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2. 6-Count Basic
Fact Sheet
Official Name:6-Count Basic
Dance / Level:Beginning Bronze American Style Tango
Aliases:Progressive Side Steps, Running Steps, Argentine Runs

Like the 8-Count Basic, the 6-Count Basic is a repeatable pattern consisting of walks and side steps. The 6-Count version, however, does not end with a Tango Close. When repeated, the result is a more continuous movement. Therefore it is sometimes also referred to as Continuous Basic or Running Step.

The gradual curve as described in the 8-Count Basic also applies to the 6-Count version. If the curve is gradual and follows the natural curve of the line of dance around the room, the alignments are said to be "facing line of dance" for man, and "backing line of dance" for lady. More turn can be made, up to 1/2 to left overall, which will reorient the dancers, e.g. from facing line of dance to facing against line of dance.

This figure can be commenced with the dancers facing any alignment, as long as the goal is to move in the general direction of line of dance. For example, the couple can begin with the man facing diagonal wall, diagonal center or line of dance and continue along the same path. However, if they begin facing an alignment that works against line of dance (e.g. man facing diagonal wall against line of dance), a strong turn should be used to redirect the movement toward line of dance as quickly as possible.

The 6-Count is the first pattern of the American style Tango syllabus that does not fall in line with the natural 8-count/ 2-bar phrasing of Tango music. There are many ways to combine patterns to work around this. The most common is to repeat the pattern once, then follow with a normal Tango Close. The resulting combination is known as the 16-Count Basic.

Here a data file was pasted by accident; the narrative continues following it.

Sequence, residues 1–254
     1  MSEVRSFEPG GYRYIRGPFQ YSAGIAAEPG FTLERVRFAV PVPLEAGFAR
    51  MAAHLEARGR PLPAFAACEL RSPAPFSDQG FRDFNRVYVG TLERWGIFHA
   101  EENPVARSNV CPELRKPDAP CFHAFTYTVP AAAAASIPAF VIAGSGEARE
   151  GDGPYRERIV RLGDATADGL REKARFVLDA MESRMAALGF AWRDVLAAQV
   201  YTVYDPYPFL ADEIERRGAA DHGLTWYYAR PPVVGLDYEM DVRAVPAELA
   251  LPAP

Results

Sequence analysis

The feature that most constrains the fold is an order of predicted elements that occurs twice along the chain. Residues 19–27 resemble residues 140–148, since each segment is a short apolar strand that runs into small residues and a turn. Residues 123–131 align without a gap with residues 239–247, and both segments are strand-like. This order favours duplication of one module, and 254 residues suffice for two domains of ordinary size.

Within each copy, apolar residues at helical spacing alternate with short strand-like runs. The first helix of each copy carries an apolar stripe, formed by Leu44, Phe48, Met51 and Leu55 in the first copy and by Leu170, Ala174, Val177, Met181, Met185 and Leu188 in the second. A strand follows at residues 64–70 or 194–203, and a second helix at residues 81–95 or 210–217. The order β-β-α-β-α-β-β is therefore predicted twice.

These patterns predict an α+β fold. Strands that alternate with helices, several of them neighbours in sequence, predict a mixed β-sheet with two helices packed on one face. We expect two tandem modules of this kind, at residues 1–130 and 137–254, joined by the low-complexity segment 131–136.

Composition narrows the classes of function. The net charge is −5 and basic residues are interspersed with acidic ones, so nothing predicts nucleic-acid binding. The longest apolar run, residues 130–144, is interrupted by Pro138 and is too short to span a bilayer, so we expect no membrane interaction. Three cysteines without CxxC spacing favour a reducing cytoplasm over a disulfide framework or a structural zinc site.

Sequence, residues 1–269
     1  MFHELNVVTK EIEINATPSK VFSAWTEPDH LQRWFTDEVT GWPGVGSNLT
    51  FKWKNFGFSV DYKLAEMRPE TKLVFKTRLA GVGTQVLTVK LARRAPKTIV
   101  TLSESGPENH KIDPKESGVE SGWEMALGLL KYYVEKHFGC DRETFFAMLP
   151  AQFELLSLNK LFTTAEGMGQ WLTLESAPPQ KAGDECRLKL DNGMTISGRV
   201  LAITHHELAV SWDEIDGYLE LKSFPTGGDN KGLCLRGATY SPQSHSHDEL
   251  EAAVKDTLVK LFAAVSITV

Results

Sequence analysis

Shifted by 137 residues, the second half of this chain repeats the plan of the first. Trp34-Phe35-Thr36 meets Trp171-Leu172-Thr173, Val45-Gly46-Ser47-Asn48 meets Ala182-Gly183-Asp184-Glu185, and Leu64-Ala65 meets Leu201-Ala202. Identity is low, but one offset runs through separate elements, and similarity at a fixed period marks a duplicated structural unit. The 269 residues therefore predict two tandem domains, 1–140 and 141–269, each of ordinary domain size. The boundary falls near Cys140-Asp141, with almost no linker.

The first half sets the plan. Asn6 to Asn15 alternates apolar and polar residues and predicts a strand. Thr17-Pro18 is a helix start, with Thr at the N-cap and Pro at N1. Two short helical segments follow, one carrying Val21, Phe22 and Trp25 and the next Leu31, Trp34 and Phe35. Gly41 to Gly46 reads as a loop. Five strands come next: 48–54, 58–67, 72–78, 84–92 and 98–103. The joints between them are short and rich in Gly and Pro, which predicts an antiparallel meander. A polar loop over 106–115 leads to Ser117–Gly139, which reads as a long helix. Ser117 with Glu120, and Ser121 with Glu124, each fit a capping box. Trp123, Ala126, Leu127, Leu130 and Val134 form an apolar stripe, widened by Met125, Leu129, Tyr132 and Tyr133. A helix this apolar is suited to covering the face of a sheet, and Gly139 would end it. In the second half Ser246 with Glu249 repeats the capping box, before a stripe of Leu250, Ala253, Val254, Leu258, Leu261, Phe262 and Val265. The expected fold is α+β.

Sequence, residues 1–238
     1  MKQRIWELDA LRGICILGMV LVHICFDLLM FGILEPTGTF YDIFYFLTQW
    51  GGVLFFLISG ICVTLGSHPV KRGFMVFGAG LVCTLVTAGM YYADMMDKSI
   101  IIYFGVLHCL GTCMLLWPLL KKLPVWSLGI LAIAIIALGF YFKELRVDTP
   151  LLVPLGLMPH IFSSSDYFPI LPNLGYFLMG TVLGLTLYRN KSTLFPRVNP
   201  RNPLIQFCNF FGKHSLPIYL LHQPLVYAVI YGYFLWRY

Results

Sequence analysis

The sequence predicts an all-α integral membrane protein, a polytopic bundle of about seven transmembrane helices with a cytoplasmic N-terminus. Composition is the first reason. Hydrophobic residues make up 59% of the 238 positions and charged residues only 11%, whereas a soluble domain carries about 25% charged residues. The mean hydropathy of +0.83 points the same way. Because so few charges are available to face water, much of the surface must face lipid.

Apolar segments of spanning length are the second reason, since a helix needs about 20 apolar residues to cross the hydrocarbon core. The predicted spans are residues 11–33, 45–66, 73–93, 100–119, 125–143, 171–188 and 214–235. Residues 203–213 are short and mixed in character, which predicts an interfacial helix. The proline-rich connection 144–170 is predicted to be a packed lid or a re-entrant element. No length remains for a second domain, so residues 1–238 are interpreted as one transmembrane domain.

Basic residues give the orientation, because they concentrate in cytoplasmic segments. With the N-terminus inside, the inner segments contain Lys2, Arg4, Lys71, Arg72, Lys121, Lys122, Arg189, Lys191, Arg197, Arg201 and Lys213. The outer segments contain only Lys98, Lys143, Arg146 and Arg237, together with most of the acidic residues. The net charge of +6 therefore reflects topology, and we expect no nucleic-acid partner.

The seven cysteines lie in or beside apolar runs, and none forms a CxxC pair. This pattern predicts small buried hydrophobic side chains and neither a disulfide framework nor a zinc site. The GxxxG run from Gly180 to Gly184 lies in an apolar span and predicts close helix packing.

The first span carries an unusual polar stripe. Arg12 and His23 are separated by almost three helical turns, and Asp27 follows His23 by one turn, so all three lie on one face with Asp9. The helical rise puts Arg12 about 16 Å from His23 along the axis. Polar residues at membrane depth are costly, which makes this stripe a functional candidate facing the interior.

2b. 16-Count Basic

The 16-Count Basic is an extended version of the Tango Basic pattern. It is composed of two 6-Count Basics followed by a Tango Close.

The 16-Count Basic introduces students to the 6+6+4 rhythm, common to American style Tango. When a six-count pattern is danced twice and followed by a normal Tango Close of 4 counts, the total number of counts is 16, the sum of 6+6+4.

The same rhythmical composition can be used to combine any two 6-count patterns, including the 6-Count Basic, Closed or Open Promenade, or steps 1-4 of Rock to Corte or Open Left Turn to Outside Swivel. This provides dancers with a substantial array of possible combinations, while maintaining a simple rhythm that stays consistent with American Tango's 8-count / 2-bar structure.


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